World stock markets fell sharply Friday after U.S. President Donald Trump said he was prepared to put new tariffs on all Chinese imports, escalating the rhetoric in a trade war that could hit global economic growth.
KEEPING SCORE: From being up slightly earlier in the day, European indexes were trading lower. Germany‘s DAX fell 0.5 percent to 12,622 while France‘s CAC 40 dropped 0.7 percent at 5,377. Britain’s FTSE 100 fell 0.3 percent to 7,661. U.S. indexes were poised to open lower, with S&P 500 futures down 0.2 percent and Dow futures 0.4 percent lower.
TRUMP TALK: Trump told the TV channel CNBC he was ready to exchange tariffs with China until all of China’s exports to the U.S. — worth over $500 billion a year — are hit. “I’m ready to go to 500,” he said. Asked if he would do it even at a cost of a stock market drop, he said: “If it does it does.”
The comments come as the U.S. government is also considering taxing auto imports. Critics lined up this week to urge the administration to reject the tariffs, arguing they would raise car prices, squeeze automakers by increasing the cost of imported components and invite retaliation from trading partners — and allies — like the European Union and Canada.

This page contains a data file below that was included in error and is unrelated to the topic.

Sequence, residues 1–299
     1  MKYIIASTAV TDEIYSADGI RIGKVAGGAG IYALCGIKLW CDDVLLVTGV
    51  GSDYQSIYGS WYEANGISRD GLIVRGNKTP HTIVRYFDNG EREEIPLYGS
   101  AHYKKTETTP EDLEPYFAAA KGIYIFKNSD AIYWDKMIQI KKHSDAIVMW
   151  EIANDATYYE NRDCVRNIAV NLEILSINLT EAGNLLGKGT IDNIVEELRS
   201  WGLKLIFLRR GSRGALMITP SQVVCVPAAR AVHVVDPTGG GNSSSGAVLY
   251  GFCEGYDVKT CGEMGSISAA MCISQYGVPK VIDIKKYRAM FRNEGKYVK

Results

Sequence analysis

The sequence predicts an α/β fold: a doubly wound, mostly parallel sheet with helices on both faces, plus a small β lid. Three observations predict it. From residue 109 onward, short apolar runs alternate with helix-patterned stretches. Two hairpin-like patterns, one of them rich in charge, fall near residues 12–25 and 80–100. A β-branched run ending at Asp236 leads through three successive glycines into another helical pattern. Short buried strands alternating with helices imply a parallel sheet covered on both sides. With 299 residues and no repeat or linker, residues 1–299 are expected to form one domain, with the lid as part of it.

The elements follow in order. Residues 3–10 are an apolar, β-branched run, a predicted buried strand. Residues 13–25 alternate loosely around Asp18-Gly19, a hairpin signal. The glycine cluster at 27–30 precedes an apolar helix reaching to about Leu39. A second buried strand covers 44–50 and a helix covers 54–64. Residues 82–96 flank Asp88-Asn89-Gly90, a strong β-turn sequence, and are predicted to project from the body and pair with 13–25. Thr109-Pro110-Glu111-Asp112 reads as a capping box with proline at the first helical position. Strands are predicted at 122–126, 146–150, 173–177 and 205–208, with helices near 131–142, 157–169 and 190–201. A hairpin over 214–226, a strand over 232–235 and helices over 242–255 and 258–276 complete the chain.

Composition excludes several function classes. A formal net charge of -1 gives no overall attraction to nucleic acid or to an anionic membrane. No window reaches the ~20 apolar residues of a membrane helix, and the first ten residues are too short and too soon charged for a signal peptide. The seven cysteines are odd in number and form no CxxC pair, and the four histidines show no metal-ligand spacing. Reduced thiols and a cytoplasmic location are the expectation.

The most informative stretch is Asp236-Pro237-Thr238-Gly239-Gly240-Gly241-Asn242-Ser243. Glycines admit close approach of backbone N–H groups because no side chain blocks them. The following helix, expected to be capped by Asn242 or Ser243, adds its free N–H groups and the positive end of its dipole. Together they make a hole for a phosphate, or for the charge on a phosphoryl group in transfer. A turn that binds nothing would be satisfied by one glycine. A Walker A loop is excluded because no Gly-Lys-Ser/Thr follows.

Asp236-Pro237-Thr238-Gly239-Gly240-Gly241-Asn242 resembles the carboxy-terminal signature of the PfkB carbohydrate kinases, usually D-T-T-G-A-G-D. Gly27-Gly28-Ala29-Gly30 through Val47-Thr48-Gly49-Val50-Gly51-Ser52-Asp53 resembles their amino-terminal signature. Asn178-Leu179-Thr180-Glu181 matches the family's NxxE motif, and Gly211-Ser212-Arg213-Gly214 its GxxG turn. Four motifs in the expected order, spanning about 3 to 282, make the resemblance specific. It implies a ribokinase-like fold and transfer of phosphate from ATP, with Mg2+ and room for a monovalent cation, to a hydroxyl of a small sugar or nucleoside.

ASIA’S DAY: Earlier, before Trump’s comments were aired, most Asian markets finished higher. Japan’s Nikkei 225 bucked the regional trend, losing 0.3 percent to 22,697.88. South Korea’s Kospi added 0.3 percent to 2,289.19. Hong Kong’s Hang Seng gained 0.8 percent to 28,224.48. The Shanghai Composite Index rebounded 2.1 percent to 2,829.27. Australia’s S&P-ASX 200 increased 0.4 percent to 6,285.90.
YUAN DECLINES: The People’s Bank of China set the Chinese currency’s central parity rate to 0.9 percent weaker against the dollar on Friday. If the yuan continues to depreciate, goods exported to China will become more expensive to consumers there. Chinese exports would also be relatively cheaper, possibly balancing out suggested increases in tariffs by the Trump Administration.
ANALYST’S TAKE: “One theory is that the PBOC is depreciating the yuan because it has not enough ammunition to fight a dollar-for-dollar increase in tariffs. The markets are very risk-off. There is a loss in confidence right now,” said Francis Tan, an economist at UOB Bank.
CURRENCIES: The U.S. dollar was trading at 112.45 yen, roughly unchanged from Thursday. The euro rose to $1.1651 from $1.1644.
OIL: Benchmark U.S. crude added 8 cents to $69.54 per barrel in electronic trading on the New York Mercantile Exchange. Brent crude, used to price international oils, gained 6 cents to at $72.64.